Is there any place left in our American society that is safe from the influence of dirty money?
Not the mainstream media. Not the Department of Defense. Not the Senate. Not in the dozens of front groups masquerading as grassroots organizations or scientific authorities.
Our decline has progressed from being a nation that was once a beacon of integrity around the world, to one where any individual or group with enough money can get away with just about anything. We have now reached the point where a group with enough money could buy the opinion of the most respected authorities in the land and thereby dictate what ideas would be considered true by the vast majority of the people. I am talking about what is now happening in some of our best universities.
Once upon a time we could look to our academic institutions to remain inviolable bastions of objectivity, remaining above the fray, guided by the quest for truth and the truth alone. Their focus was on educating the next generation of scientists, engineers, doctors, lawyers and teachers. They would also conduct research, with the noble aim of extending the frontiers of knowledge. Sometimes, if sponsors could be found, the research might even bring in a little extra money through government grants.
Over time, grant revenue has become increasingly important and businesses have begun enlisting universities to increase their knowledge base and gain competitive advantage. This has become ever more significant as government sponsorship of academic research has dropped by 60% over the past thirty years.
Unfortunately, in these tough economic times, with endowments shrinking and costs going up, a number of top universities have found it difficult to refuse close to a billion dollars in funding from one particular industry sector: big oil, with more than the usual amount of strings attached. It appears that these universities have decided to sell out to big oil's aggressive campaign to commandeer public opinion.
Why would the oil companies do this, when they already have their own multimillion dollar research facilities?
Could it have something to do with greening their public image?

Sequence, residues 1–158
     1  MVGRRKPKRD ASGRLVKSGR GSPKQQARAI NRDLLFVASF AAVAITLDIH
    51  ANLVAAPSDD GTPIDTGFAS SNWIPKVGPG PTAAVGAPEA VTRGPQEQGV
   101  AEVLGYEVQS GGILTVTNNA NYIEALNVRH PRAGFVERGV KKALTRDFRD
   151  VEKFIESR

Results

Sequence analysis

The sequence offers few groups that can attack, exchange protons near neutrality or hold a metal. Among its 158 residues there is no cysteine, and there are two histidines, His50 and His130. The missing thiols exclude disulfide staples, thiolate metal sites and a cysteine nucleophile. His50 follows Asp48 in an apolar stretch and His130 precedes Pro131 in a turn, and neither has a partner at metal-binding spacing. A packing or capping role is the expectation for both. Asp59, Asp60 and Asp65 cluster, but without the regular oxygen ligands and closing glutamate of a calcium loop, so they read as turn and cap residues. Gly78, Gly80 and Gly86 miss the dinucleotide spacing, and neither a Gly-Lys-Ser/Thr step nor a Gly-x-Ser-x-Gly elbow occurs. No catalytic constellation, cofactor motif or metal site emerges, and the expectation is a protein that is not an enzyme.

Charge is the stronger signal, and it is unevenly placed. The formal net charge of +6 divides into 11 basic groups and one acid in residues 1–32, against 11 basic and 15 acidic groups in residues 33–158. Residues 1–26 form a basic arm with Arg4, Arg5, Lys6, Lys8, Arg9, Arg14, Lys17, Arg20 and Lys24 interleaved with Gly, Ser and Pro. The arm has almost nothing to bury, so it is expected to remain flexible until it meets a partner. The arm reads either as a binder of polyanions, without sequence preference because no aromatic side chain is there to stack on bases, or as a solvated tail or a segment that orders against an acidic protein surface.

Let's take a look at some of these agreements and what is unusual about them.
According to the report:
• Nine of the 10 university partners failed to retain majority academic control over the central governing body charged with directing the university-industry alliance. Four actually give the industry sponsors full governance control.
• Eight agreed to let the sponsor or sponsors to fully control both the evaluation and selection of faculty research proposals in each new grant cycle.
• None of the agreements require that faculty research proposals be evaluated and awarded funding based on independent expert peer review, the traditional method for awarding academic and scientific research grants based on scientific merit.
• Nine of the 10 agreements call for no specific management of financial conflicts of interest related to the alliance and its research functions. None of these agreements, for example, specifies that committee members charged with evaluating and selecting faculty research proposals must be impartial, and may not award corporate funding to themselves.
Who are the companies? Chevron, BP, ConocoPhillips, Royal Dutch Shell, and ExxonMobil.
What are the schools? Arizona State University, UC Berkeley, Stanford, UC Davis, the Colorado School of Mines, the University of Colorado at Boulder, Colorado State University, the Georgia Institute of Technology, Iowa State University, Texas A&M University, the University of Texas at Austin, and Rice University.
Why would the these companies feel the need wrest control of the governing bodies, ignore conflicts of interest and insist on being able to hand-pick the researchers in areas of research as controversial and potentially as expensive and lucrative as climate change? Do I really have to ask?
With so many billions at stake in sorting out our energy future, the ability to cite "independent university research" will surely be a powerful tool for persuading lawmakers and swaying public opinion. How many people read the fine print these days to see who or what was behind the research?
RP Siegel is a regular contributor to Triple Pundit.
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